Height of the cylinder = h = Width of the sheet = 32 cm

Now, let r be the radius of the base of the hollow cylinder.

We have been given that the lateral surface area of a hollow cylinder = 424 sq. cm …… ( 1 )

Also, we have learnt that

Lateral ( curved ) surface area = 2 π r h square units

Now, h = 32 cm, π = $\frac{22}{7}$

Substituting the values of h and π in the above equation, we have,

Lateral ( curved ) surface area = 2 x $\frac{22}{7}$ x r 32 ……… ( 2 )

From ( 1 ) and ( 2 ), we have,

2 x $\frac{22}{7}$ x r 32 = = 424

⇒ r = $\frac{424 x 7}{32 x 2 x 22}$

⇒ r = = 21 cm

Now, that we have obtained the value of the radius of the base, let us find the perimeter of the sheet.

We know that the perimeter of a circular sheet is given by 2 π r. Therefore, we have,

Perimeter of the sheet = 2 π r = 2 x $\frac{22}{7}$ x 21

⇒ Perimeter of the sheet = 2 x 22 x 3 = 132 cm

**Hence, the perimeter of the sheet will be 132 cm**

**Volume of a Cylinder**

Let us take a right circular cylinder of radius r and height h. we know that the volume of a right circular cylinder is equal to the measure of the space occupied by the cylinder.

Therefore, we have,

Volume of a right circular cylinder = measure of the space occupied by the cylinder

⇒ Volume of a right circular cylinder = The area of each circular sheet x Height

⇒ **Volume of a right circular cylinder = π r **^{2}** h**

Let us understand it through an example.

**Example**

The area of the base of a right circular cylinder is 154 sq. cm and its height is 15 cm. Find the volume of the cylinder.

**Solution**

We have been given that the area of the base of a right circular cylinder is 154 sq. cm and its height is 15 cm. We need to find the volume of the cylinder. Let us first summarise the information given to us. We have,

Area of the base of a right circular cylinder = 154 sq. cm

Height of the right circular cylinder = 15 cm

Now, we know that

Volume of a right circular cylinder = ( Area of the base ) x Height …… ( 1 )

Substituting the values available to us in the above equation we get,

Volume of a right circular cylinder = 154 x 15 cm ^{3}

⇒ Volume of a right circular cylinder = 2310 cm ^{3}

**Hence, the volume of the cylinder having height 15 cm and area of its base as 154 sq. cm will be given by = 2310 cm **^{3}

**Volume of a Hollow Cylinder**

Recall that solids such as iron pipes, rubber tubes etc. are hollow cylinders. Thus we can say that a solid bounded by two coaxial cylinders of the same height and different radii is called a hollow cylinder. What would be the volume of a hollow cylinder? Let us find out.

Let R and r be the external and internal radii of a hollow cylinder respectively and h be the height of the hollow cylinder.

Volume of the hollow cylinder will be the difference between the exterior and the interior volumes. This means that –

Volume of hollow cylinder = ( Volume of exterior portion ) – ( Volume of interior portion )

Now, we know that –

Volume of exterior portion = π R ^{2} h and

Volume of interior portion = π r ^{2} h

Therefore,

Volume of hollow cylinder = π R ^{2} h – π r ^{2} h

⇒ **Volume of hollow cylinder = π h (R **^{2}** – r **^{2}** )**

Let us understand it through an example.

**Example**

The thickness of a metallic tube is 1 cm and the inner diameter of the tube is 12 cm. Find the weight of 1 m long tube, if the density of the metal be 7.8 g / cm ³.

**Solution**

We have been given that the thickness of a metallic tube is 1 cm and the inner diameter of the tube is 12 cm. also, the density of the metal is 7.8 g / cm ³. We need to find the weight of 1 m long tube. Let us first summarise the information given to us. We have,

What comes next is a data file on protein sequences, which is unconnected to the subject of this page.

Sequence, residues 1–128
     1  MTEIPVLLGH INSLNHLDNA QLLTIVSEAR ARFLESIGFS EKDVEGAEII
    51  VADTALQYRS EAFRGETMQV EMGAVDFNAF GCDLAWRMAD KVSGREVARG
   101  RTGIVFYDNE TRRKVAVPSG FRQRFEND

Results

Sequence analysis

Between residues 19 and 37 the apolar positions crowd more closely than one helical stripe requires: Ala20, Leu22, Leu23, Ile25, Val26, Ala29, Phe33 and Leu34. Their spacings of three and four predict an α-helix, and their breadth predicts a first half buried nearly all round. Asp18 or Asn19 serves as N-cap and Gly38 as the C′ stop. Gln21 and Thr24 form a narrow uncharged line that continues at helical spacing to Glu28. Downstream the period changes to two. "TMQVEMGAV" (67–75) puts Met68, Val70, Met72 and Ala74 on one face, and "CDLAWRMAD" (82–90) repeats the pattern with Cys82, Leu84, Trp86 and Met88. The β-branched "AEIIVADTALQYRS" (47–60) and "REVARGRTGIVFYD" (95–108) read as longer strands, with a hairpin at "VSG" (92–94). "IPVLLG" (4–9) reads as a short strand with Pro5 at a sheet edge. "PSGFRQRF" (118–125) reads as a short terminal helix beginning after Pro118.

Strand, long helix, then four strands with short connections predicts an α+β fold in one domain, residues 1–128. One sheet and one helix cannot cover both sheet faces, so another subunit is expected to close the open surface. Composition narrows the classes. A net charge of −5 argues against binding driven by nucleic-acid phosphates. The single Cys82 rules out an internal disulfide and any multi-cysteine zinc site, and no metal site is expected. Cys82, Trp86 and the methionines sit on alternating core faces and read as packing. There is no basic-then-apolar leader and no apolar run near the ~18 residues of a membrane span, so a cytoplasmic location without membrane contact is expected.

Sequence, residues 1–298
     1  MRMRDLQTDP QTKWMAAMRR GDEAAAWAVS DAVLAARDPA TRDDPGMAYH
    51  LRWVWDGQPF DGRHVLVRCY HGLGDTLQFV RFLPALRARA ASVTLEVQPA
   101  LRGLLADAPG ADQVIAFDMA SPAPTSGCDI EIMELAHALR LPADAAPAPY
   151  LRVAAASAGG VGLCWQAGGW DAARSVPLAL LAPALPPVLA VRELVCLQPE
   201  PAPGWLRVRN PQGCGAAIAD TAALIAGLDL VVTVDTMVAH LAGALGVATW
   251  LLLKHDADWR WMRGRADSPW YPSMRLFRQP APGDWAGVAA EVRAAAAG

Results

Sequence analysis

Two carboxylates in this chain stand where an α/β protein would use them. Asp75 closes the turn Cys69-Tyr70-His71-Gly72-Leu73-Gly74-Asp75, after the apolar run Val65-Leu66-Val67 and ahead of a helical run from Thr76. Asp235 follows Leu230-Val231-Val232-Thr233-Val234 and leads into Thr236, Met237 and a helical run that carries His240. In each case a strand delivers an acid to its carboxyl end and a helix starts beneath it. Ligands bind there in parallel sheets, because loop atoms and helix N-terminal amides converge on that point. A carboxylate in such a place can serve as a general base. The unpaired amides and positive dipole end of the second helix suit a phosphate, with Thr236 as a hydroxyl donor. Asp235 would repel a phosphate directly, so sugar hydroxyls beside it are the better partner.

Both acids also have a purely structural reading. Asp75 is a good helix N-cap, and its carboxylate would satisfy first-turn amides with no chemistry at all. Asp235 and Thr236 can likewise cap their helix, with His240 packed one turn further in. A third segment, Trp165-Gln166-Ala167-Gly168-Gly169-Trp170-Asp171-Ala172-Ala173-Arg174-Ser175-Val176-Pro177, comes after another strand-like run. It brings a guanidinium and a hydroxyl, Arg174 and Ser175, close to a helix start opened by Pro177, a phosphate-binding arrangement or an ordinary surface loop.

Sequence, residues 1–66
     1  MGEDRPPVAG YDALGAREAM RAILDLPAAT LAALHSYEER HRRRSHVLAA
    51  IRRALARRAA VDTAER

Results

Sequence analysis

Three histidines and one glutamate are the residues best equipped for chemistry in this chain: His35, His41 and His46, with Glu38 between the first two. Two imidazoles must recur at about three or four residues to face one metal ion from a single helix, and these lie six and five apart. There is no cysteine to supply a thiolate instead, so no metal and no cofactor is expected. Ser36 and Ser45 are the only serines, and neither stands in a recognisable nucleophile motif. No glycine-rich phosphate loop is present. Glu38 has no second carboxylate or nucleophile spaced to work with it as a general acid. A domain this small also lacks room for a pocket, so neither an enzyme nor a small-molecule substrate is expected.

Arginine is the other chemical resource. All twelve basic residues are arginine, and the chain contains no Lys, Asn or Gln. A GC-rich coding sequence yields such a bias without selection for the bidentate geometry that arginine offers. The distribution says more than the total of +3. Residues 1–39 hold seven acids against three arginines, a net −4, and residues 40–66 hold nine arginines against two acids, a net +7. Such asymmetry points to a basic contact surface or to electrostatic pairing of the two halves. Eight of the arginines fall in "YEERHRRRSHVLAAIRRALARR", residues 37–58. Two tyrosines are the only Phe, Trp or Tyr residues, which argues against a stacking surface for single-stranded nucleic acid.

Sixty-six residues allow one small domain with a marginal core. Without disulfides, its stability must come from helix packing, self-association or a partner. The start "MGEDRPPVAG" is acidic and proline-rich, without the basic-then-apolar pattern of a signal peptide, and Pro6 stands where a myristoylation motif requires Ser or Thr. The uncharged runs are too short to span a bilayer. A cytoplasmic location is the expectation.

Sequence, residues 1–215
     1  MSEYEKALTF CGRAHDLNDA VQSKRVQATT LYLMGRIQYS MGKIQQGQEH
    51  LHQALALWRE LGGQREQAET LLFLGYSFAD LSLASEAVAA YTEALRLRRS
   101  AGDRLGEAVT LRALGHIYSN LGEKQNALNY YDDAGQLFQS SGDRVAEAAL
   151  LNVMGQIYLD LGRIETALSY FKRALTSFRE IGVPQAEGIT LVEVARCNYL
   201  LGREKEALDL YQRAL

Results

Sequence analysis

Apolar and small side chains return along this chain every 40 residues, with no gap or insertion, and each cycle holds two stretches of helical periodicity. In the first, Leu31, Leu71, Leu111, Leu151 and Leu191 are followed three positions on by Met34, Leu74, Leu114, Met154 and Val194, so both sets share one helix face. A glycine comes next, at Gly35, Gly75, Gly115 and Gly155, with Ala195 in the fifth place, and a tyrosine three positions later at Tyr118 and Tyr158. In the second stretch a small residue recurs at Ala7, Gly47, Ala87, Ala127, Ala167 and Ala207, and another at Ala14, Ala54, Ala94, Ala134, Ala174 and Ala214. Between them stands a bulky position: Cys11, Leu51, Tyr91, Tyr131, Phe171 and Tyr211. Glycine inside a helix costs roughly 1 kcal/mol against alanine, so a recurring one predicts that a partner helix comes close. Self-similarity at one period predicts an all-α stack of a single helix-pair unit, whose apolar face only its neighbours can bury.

Inner diameter of the tube = 12 cm

This means that the inner radius of the tube = r = 6 cm ……… ( 1 )

Also,

Thickness of the tube = 1 cm

Therefore, outer radius of the tube = R = ( 6 + 1 ) cm = 7 cm ………. ( 2 )

Length ( Height ) of the tube = h = 1 m = 100 cm …… ( 3 )

Now, we have learnt that the Volume of hollow cylinder = π h (R ^{2} – r ^{2} ) …… ( 4 )

Substituting the values of r, R and h that we have obtained din the equations ( 1 ) , ( 2 ) and ( 3 ) in the above equation, we have,

Volume of metal in the tube = π h (R ^{2} – r ^{2} )

⇒ Volume of metal in the tube = $\frac{22}{7}$ x 100 ( 7 ^{2} – 6 ^{2} ) cm ^{3}

⇒ Volume of metal in the tube = $\frac{22}{7}$ x 100 x 13 cm ^{3} ………. ( 5 )

Also, we have been given that density of the metal is 7.8 g / cm ³

Therefore,

Weight of the tube = Volume x Density

⇒ Weight of the tube = $\frac{22}{7}$ x 100 x 13 x 7.8

⇒ Weight of the tube = 31868.57 g = $\frac{31868.57}{1000}$ kg = 31.86857 kg = 31.869 kg

**Hence, the weight of the tube = 31.869 kg**

**Key Facts and Summary**

- A cylinder is a 3D solid shape that consists of two identical and parallel bases linked by a curved surface.
- Each of the circular ends on which the cylinder rests is called its base.
- The line segment joining the centres of two circular bases is called the axis of the cylinder.
- The radius of the circular bases is called the radius of the cylinder.
- The length of the axis of the cylinder is called the height of the cylinder.
- The curved surface joining the two bases of a right circular cylinder is called its lateral surface.
- A cylinder has one curved surface and two flat faces.
- A cylinder has two curved edges and has no corner or vertex.
- A cylinder where the axis is perpendicular to the bases is called a right circular cylinder.
- A cylinder where the axis is not perpendicular to the bases is called an oblique circular cylinder.
- A cylinder whose base is in the form of an ellipse is called an elliptic cylinder.
- Right circular hollow cylinder consists of two right circular cylinders that are bounded one inside the other.
- For a cylinder of radius r and height h we have, Lateral ( curved ) surface area = 2 π r h square units, Each base surface area = π r
^{2}square units and Total Surface Area = 2 π r ( h + r ) square units. - A solid shape bounded by two coaxial cylinders of the same height and different radii is called a hollow cylinder.
- Surface area of each base of the hollow cylinder = π ( R
^{2}– r^{2}) sq. units - Curved ( lateral ) Surface area of a hollow cylinder = 2 π h ( R + r ) sq. units
- Total surface area of a hollow cylinder
- Volume of a right circular cylinder = π r
^{2}h - Volume of hollow cylinder = π h (R
^{2}– r^{2})